04/06/2019
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Historic sites connected with the lives of the Stewart queens

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Visit sites connected with lives of the Stewart queens with History Scotland’s history travel guide.

History Scotland magazine’s major Stewart queen series has explored new research on the six following Stewart queens, whose lives and achievements have often been overshadowed by those of their kingly husbands. In this guide we take a look at Scottish sites you can visit which have connections to these queens.

  • Euphemia Ross (1333-86), married to King Robert II
  • Annabella Drummond (1350-1401), married to King Robert III
  • Joan Beaufort (1404-45), married to King James I
  • Mary of Guelders (1434-63), married to James II
  • Margaret of Denmark (1456-86), married to King James III
  • Margaret Tudor (1489-1541), married to King James IV

Camsbukenneth Abbey

The ruins of this Augustinian monastery stand beside the River Forth in Stirling and it is here that Margaret of Denmark and her husband James III have their final resting place. The queen died at nearby Stirling Castle on 14 July 1486 and two years later, the body of her husband James III was brought here following his death at (or in the aftermath of) the battle of Sauchieburn. 

The abbey has had royal connections since its foundation around 1140, when it was founded by King David I to serve nearby Stirling Castle. One of the unique highlights of the building is the 13th-century free-standing bell tower with lancet windows.

You can also see the stone tomb of Margaret and James, where they were laid following excavation of what are believed to be their remains in 1864. 

Doune Castle 

13th-century Doune Castle near Stirling was one of the properties granted to Mary of Guelders as part of her settlement after the death of her husband James II in 1460. The property was also a dower house for two other Stewart queens: Margaret of Denmark and Margaret Tudor.

The castle was built in the 14th century for ‘uncrowned king’ Robert Stewart, duke of Albany, following his marriage to Margaret Graham, Countess of Menteith. The Duke was the younger brother of King Robert III and effectively ruled the kingdom between 1386 until his death in 1420, because of Robert III’s infirmity, and the imprisonment of his heir James I in England. Don’t miss one of Scotland’s best preserved great halls, with a musician’s gallery.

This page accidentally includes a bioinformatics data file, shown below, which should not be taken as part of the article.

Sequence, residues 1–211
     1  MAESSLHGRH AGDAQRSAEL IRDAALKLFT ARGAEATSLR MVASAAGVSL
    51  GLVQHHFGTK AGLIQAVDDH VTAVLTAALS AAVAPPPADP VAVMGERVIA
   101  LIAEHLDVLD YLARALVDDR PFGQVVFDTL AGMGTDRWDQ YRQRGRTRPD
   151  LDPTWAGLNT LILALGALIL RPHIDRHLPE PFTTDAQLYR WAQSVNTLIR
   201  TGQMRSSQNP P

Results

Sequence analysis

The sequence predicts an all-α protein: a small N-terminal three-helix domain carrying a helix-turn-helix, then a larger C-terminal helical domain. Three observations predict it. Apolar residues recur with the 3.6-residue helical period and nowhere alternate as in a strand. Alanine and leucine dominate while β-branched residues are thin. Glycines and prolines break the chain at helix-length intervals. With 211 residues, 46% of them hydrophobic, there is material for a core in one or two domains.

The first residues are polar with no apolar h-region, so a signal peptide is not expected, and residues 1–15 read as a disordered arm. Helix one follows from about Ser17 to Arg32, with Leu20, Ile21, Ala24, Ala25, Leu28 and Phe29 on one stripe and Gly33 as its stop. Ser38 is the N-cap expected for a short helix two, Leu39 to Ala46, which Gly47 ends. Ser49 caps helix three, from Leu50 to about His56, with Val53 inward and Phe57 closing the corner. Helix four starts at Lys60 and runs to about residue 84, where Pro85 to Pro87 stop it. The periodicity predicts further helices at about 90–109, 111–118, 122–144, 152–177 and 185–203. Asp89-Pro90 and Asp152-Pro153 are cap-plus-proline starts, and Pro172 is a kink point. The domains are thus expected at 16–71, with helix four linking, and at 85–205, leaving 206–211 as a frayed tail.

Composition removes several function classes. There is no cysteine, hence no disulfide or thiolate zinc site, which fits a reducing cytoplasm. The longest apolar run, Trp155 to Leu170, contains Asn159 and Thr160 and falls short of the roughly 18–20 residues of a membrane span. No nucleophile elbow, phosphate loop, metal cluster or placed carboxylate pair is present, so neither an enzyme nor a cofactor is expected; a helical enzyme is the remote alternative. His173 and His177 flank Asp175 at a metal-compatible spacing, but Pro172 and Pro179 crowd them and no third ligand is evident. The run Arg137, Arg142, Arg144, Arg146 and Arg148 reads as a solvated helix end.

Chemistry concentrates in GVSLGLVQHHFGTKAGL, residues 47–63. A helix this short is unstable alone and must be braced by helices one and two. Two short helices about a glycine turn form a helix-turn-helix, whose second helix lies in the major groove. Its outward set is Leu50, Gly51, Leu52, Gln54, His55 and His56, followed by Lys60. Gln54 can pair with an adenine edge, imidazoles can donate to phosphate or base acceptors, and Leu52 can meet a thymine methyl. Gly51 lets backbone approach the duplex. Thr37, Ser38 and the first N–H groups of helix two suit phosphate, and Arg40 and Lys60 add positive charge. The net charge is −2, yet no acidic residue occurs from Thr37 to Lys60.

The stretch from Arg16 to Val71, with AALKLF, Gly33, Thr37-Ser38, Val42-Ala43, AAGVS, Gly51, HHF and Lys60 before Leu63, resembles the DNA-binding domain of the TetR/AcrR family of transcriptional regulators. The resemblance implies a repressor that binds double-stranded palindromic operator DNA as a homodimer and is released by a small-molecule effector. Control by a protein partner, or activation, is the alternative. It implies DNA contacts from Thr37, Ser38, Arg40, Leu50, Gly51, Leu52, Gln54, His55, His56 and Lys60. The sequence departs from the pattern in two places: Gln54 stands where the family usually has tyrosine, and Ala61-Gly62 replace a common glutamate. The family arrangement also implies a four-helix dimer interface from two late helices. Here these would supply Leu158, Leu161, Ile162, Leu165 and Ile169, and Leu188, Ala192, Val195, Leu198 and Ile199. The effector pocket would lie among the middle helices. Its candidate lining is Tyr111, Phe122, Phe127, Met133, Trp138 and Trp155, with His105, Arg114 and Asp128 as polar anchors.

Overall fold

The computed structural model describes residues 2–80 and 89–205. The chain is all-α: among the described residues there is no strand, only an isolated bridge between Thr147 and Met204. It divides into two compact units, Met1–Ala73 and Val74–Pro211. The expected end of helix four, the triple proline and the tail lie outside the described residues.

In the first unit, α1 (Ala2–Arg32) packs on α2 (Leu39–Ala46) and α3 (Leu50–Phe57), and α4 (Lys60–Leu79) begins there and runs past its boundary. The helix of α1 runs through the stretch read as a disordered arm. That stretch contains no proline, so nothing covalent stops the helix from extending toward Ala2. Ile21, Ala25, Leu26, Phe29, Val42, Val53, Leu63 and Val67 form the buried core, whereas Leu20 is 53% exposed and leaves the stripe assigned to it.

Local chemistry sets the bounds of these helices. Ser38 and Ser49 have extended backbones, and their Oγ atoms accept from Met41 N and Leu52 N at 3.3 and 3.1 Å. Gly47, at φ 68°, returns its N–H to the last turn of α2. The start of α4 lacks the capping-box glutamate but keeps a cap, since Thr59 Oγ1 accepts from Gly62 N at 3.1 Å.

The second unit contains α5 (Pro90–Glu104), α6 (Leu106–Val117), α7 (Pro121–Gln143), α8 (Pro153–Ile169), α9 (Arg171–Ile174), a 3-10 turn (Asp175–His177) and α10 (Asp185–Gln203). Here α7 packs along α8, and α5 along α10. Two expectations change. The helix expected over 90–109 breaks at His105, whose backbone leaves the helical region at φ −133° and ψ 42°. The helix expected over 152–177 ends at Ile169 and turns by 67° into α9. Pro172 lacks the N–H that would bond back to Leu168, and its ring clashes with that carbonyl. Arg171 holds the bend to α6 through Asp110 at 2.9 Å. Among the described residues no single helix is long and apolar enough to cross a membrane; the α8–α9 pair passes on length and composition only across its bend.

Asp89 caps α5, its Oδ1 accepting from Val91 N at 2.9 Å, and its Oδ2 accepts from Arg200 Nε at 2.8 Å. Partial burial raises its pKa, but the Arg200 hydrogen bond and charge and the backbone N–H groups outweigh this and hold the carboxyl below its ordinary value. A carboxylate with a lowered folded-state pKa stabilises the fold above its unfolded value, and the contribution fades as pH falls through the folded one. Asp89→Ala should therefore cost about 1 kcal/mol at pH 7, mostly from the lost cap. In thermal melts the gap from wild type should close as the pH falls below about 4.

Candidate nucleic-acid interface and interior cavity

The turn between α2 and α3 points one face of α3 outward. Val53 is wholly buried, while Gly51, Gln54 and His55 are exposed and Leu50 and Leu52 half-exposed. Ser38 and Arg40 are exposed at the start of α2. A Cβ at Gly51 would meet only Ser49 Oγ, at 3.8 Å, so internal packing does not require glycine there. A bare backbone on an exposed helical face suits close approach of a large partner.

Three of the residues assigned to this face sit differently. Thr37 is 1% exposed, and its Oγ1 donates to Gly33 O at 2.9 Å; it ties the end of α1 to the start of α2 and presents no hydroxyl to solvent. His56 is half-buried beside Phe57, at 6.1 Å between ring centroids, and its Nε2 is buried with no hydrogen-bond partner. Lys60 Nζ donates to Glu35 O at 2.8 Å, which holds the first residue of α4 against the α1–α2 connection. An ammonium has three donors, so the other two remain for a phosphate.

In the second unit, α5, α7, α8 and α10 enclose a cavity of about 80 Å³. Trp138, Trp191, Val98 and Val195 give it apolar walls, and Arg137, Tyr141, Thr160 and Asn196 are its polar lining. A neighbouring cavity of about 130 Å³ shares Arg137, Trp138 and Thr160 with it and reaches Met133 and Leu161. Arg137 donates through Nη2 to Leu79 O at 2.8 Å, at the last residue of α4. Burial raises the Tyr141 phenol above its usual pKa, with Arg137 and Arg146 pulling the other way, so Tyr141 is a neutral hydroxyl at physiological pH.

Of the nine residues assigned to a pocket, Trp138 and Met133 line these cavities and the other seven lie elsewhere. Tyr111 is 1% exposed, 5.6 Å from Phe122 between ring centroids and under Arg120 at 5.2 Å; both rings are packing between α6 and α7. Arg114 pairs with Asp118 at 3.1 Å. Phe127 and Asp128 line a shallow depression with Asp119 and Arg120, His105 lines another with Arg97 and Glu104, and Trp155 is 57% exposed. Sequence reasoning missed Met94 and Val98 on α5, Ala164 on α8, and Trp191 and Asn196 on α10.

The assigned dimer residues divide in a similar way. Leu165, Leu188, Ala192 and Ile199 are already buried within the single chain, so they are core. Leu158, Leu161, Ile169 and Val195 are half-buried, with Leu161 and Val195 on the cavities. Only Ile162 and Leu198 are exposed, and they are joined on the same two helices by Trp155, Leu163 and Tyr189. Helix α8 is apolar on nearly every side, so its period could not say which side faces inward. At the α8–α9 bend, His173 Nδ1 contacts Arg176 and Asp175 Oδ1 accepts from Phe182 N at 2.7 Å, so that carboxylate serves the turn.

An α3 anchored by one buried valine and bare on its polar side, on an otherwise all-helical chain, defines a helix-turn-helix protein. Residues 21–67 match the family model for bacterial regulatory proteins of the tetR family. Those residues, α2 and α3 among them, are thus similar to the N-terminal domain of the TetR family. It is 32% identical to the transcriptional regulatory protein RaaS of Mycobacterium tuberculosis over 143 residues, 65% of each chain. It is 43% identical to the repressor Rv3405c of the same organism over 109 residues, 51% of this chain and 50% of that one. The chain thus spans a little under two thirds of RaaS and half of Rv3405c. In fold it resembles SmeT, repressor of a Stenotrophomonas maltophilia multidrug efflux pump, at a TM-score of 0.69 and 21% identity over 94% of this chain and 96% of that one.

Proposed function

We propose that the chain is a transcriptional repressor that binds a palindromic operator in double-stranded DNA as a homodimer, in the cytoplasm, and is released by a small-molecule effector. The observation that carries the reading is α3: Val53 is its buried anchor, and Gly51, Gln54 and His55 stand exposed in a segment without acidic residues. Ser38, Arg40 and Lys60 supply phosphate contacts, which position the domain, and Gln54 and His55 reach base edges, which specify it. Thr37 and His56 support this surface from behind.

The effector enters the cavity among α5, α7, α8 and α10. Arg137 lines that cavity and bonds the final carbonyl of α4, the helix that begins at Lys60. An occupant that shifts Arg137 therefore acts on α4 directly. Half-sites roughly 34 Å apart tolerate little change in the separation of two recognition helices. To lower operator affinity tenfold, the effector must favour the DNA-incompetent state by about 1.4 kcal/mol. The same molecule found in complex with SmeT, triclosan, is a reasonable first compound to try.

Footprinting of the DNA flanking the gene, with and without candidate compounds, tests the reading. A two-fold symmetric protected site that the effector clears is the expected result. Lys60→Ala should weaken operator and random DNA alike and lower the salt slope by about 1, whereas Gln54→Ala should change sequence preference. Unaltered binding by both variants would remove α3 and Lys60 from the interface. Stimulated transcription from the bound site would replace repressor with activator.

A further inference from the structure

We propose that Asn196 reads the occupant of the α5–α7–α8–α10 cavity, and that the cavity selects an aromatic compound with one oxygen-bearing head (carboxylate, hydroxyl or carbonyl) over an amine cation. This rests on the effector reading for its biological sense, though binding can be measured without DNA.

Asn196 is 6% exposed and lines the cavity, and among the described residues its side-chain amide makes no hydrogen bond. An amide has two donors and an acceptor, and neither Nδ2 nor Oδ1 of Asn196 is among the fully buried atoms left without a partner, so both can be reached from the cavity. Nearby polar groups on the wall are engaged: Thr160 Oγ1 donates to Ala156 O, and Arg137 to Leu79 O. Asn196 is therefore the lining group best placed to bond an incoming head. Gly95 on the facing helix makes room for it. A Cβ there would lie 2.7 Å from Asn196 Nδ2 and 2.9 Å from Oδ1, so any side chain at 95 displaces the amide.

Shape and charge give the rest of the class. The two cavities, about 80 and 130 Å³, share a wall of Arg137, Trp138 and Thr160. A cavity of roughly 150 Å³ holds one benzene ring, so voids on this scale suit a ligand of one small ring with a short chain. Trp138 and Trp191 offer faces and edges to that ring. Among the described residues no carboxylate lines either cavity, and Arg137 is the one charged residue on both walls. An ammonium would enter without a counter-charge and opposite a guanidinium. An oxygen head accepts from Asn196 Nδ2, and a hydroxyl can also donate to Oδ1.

More recently, the castle featured as the fictional Castle Leoch in the Outlander TV series.

Dunbar Castle 

This medieval castle has a sad association with Joan Beaufort, as she was besieged here at the time of her death, on 15 July 1445. Joan had fled to the castle following the death of her husband and her subsequent marriage to James Stewart, Black Knight of Lorn, which ended in her having to sign over custody of her young son, James II. 

Although little remains of the harbour-side castle in East Lothian, it is possible to see traces of its status as one of Scotland’s finest fortresses. A stone castle has stood on this site since at least the thirteenth century and the site has been fortified since the seventh century. Although the castle endured many sieges it eventually succumbed when it was dismantled in 1457 to prevent it being used by the English. It was restored and then burnt during the Rough Wooings before finally being ‘cast down utterly to the ground’ following a siege in 1567. 

Dundonald Castle 

Robert II, the husband of Euphemia Ross, died at Dundonald Castle in Ayrshire on 19 April 1390, and at least one of the royal couple’s children (Catherine, in 1362) was born there. The castle was built for Robert II as a fortified tower house and was passed on to his son Robert III. The castle was once three storeys high and Euphemia and the family would have occupied royal apartments on the top floor, with feasting and business of court held on the floor below. 

The castle is open all year round and has a visitor centre that recounts the building’s dramatic past. 

Dunfermline Abbey 

This splendid abbey is the final resting place of Annabella Drummond, who died at Scone Palace. The abbey has strong royal connections – Robert the Bruce, Malcolm Canmore and Queen Margaret are also buried here. The abbey has been a worshipping community since 1072, when it was founded as a Benedictine abbey by Queen Margaret, whose shrine at the site is still a place of pilgrimage.